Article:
Features of the Factors of Production
Factors of production means resources used in the process of production of commodities. There are of four types viz., land, labour, capital and organization or enterprise. Here, land represents natural resources (such as soil, mineral deposits, seas, rivers, natural forests, fisheries etc). Labour represents human resources. Together, these two factors are called the ‘primary factors of production’.
These two factors produce some units of goods for the purpose of consumption. And as consumption of these goods takes place, there is the possibility of some of these goods getting left over. Thus, saving is production minus consumption. This saved amount is called as capital, which serves as investment in the production process. Also, organisation or enterprise is a special form of labour. The third and the fourth factors are called ‘secondary factors of production’.
These four factors depend on each other. They have a coordinated impact on production of goods and services.
In ordinary sense ‘land’ refers to the soil or the surface of the earth or ground. But, in Economics, land means all gifts of Nature owned and controlled by human beings which yield an income. Land is the original source of all material wealth. The economic prosperity of a country depends on the richness of her natural resources. The quality and quantity of agricultural wealth are determined by the nature of soil, climate and rainfall.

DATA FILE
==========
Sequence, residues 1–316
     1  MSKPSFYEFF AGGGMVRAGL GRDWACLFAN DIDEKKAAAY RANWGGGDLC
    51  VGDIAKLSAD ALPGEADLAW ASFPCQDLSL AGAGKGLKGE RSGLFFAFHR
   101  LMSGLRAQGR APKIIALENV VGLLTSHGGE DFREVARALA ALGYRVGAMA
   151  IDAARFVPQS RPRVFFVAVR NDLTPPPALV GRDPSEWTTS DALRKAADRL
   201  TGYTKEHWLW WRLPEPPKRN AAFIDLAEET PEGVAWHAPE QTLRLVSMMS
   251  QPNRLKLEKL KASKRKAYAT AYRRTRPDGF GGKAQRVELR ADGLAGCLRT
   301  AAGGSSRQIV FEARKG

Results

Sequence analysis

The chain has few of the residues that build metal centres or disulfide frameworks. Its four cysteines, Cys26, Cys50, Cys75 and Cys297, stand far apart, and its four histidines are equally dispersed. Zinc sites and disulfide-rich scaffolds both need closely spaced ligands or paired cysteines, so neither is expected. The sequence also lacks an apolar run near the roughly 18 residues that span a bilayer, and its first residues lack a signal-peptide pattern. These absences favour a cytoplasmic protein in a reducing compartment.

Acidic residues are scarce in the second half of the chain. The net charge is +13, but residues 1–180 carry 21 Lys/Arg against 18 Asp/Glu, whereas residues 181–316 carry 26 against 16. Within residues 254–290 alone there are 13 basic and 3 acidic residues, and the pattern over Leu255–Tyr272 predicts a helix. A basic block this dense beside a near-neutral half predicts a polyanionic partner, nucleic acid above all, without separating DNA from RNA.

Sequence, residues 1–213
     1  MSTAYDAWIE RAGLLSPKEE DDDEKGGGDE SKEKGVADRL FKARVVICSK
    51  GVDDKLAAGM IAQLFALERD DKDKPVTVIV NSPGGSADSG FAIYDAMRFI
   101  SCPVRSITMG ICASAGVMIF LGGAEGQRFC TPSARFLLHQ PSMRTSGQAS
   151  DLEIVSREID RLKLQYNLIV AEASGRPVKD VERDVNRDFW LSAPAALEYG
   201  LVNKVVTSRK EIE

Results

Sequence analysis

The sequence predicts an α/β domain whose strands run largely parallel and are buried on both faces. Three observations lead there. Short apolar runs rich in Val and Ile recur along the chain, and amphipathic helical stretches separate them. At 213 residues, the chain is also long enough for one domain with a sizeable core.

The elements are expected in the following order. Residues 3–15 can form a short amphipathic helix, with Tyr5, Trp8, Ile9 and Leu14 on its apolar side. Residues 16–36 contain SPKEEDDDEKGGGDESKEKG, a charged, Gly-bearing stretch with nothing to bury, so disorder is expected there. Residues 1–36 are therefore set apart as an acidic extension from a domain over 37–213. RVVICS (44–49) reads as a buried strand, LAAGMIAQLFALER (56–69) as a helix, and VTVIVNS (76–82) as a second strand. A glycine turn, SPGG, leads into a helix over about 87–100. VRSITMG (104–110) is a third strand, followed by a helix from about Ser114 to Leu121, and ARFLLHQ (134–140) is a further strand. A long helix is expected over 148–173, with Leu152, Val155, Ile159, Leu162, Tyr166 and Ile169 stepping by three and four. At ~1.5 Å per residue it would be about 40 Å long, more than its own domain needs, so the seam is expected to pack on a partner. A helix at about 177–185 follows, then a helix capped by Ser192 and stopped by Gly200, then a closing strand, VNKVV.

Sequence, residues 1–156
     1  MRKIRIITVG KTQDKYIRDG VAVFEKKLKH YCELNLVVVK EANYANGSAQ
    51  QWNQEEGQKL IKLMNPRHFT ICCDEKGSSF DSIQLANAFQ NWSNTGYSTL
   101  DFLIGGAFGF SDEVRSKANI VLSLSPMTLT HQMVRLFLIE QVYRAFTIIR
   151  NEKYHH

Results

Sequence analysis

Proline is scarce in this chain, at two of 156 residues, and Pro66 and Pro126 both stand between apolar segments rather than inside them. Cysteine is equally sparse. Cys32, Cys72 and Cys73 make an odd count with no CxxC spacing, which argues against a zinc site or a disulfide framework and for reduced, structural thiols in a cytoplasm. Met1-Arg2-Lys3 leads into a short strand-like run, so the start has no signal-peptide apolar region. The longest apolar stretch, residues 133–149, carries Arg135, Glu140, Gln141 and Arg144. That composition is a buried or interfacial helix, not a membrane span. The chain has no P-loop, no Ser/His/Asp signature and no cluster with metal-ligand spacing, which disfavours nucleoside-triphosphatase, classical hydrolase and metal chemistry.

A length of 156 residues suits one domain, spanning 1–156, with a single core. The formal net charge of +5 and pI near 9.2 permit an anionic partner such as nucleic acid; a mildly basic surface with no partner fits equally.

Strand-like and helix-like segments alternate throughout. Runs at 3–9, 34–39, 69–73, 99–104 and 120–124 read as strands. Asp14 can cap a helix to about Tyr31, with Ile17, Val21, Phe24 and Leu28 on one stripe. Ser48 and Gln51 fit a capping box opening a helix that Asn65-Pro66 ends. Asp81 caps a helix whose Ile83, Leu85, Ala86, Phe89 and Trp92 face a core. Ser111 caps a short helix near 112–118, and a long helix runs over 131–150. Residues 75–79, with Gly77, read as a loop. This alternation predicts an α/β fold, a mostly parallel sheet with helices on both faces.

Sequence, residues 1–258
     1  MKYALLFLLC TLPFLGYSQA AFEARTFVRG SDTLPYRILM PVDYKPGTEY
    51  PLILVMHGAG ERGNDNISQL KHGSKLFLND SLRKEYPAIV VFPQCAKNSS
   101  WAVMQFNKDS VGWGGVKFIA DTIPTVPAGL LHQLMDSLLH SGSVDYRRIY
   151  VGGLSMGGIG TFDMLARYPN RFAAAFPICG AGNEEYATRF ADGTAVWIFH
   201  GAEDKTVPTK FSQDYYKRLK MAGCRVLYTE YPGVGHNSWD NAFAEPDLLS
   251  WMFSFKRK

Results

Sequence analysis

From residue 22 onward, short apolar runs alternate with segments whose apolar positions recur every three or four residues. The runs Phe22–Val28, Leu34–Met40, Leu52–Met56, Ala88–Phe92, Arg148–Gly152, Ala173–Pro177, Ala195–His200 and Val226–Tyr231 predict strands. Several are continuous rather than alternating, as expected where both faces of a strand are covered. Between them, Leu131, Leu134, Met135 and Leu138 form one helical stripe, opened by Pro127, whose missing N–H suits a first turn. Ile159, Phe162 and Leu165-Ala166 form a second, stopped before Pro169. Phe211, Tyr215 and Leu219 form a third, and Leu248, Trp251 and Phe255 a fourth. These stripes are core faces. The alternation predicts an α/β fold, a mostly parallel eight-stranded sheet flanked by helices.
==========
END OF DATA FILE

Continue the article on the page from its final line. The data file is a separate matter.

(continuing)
The agricultural products are the basis of trade and industry. Industry survives on the availability of coal-mines or waterfall for electricity production. Hence, all aspects of economic life like agriculture, trade and industry are generally influenced by natural resources which are called as “Land” in economics.
· Land is a primary factor of production.
· Land is a passive factor of production.
· Land is the free gift of Nature.
· Land has no cost of production.
· Land is fixed in supply. It is inelastic in supply.
· Land is permanent.
· Land is immovable.
· Land is heterogeneous as it differs in fertility.
· Land has alternative uses.
· Land is subject to Law of Diminishing Returns.
Labour is the active factor of production. In common parlance, labour means manual labour or unskilled work. But in Economics the term ‘labour’ has a wider meaning.
It refers to any work undertaken for securing an income or reward. Such work may be manual or intellectual. For example, the work done by an agricultural worker or a cook or rickshaw puller or a mason is manual. The work of a doctor or teacher or an engineer is intellectual. In short, labour in economics refers to any type of work performed by a labourer for earning an income.
According to Marshall, labour represents services provided by the factor labour, which helps in yielding an income to the owner of the labour-power.
· Labour is the animate factor of production.
· Labour is an active factor of production.
· Labour implies several types: it may be manual (farmer) or intellectual (teacher, lawyer etc).
· Labour is perishable.
· Labour is inseparable from the Labourer.